Crypt Burials from the Cloister Church of Riesa (Germany) – Changes of Funerary Customs, Body Treatment, and Attitudes to Death.

Alterauge, Amelie; Hofmann, Cornelia (2020). Crypt Burials from the Cloister Church of Riesa (Germany) – Changes of Funerary Customs, Body Treatment, and Attitudes to Death. Acta Universitatis Lodziensis. Folia Archaeologica, 35, pp. 73-96. Uniwersytet Łódzki 10.18778/0208-6034.35.05

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The cloister church of Riesa (Saxony, Germany) contains two burial crypts which were used from the 17th to 19th century AD by local noble families, namely the barons von Felgenhauer, Hanisch/von Odeleben and von Welck. The crypt beneath the altar originally contained 50 inhumations of which about 30 are still preserved at present, either as coffins and/or mummies, while the northern crypt contained eight interments.

During the last two centuries, the crypts have experienced major changes which could partly be reconstructed through historical records, photographs and oral history. The aim of the investigations, supported by the parish and the city museum, was to document the current state-of-preservation and to identify the inhumations by combining different types of evidence.

The coffins were visually inspected and dated by typo-chronological comparisons, and inscriptions were transliterated whenever possible. Material, fabrication, clothing type and dating of the garments were determined during costume analysis. The mummified remains were subjected to a morphological investigation, including X-rays. Different body treatments resulting in natural or artificial mummification could be observed. In selected cases, samples for aDNA analysis were taken to test for kinship between individuals, and stable isotope analysis was performed for the reconstruction of diet, origin and age of weaning. Probable identification could only be achieved for the individuals with contextual information; however, the bioarchaeological analyses are still ongoing.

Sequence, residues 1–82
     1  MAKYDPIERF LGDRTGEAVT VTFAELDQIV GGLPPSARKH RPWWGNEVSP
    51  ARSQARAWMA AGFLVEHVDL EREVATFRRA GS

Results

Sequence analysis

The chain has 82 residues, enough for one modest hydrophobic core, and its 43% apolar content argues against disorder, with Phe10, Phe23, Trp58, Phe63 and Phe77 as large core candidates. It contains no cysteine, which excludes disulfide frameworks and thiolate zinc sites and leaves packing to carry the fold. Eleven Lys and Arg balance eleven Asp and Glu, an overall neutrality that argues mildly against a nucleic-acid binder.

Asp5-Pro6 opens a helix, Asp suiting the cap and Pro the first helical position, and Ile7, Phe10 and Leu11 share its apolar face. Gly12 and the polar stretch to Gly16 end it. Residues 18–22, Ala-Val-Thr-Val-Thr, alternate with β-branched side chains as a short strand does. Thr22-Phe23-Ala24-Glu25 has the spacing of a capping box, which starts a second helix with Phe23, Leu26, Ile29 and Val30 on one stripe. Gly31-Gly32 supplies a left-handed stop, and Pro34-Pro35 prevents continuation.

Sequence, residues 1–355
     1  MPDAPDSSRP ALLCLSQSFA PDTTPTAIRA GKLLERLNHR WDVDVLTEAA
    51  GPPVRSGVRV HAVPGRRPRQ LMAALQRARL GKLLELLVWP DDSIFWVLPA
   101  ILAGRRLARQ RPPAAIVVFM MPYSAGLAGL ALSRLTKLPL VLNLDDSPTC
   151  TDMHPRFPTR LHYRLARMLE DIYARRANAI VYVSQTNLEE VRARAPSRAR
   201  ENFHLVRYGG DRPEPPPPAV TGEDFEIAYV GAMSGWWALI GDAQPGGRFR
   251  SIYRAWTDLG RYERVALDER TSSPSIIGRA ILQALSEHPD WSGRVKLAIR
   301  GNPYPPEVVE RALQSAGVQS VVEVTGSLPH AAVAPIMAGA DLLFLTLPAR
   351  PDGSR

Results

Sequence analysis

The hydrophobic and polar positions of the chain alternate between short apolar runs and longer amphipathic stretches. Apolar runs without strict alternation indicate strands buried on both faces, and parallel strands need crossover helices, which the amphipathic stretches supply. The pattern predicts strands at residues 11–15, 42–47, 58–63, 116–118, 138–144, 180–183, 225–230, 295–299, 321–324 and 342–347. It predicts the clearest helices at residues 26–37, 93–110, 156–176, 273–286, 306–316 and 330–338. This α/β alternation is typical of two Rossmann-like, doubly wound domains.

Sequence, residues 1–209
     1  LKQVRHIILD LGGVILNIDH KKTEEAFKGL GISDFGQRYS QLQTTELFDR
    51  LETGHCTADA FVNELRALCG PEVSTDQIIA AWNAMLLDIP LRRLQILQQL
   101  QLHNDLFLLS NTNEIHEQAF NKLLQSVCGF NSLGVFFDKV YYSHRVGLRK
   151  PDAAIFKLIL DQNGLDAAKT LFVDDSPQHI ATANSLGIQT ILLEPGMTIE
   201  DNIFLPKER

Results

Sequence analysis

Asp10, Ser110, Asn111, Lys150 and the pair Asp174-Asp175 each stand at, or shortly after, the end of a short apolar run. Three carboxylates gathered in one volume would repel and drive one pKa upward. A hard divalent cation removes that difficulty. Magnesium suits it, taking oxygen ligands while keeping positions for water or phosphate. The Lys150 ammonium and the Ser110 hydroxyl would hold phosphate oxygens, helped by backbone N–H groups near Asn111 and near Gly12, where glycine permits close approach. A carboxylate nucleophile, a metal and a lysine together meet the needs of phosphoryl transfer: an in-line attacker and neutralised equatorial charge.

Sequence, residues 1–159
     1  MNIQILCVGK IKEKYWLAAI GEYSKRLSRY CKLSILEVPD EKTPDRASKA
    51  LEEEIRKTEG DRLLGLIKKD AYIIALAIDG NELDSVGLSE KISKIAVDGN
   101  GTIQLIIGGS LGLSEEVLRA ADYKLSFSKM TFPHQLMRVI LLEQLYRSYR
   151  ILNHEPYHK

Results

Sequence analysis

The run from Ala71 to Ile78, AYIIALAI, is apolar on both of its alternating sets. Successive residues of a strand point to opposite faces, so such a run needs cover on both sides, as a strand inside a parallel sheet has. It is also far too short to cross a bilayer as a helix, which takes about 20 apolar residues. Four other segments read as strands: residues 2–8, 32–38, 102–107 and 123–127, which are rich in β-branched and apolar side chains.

The coffin ornamentation and inscriptions as well as the garments show chronological changes as well as individual preferences from the 17th to 19th century, most distinctive in the children burials. Faith in God and hope of resurrection remain constant attitudes to death, but familial affiliation becomes an important factor in early modern noble burials.

Item Type:

Journal Article (Original Article)


06 Faculty of Humanities > Department of History and Archaeology > Institute of Archaeological Sciences > Pre- and Early History
04 Faculty of Medicine > Service Sector > Institute of Legal Medicine > Anthropology

UniBE Contributor:

Alterauge, Amelie Sophie


900 History > 930 History of ancient world (to ca. 499)
900 History > 940 History of Europe




Uniwersytet Łódzki




Amelie Sophie Alterauge

Date Deposited:

19 Apr 2021 10:15

Last Modified:

05 Dec 2022 15:50

Publisher DOI:





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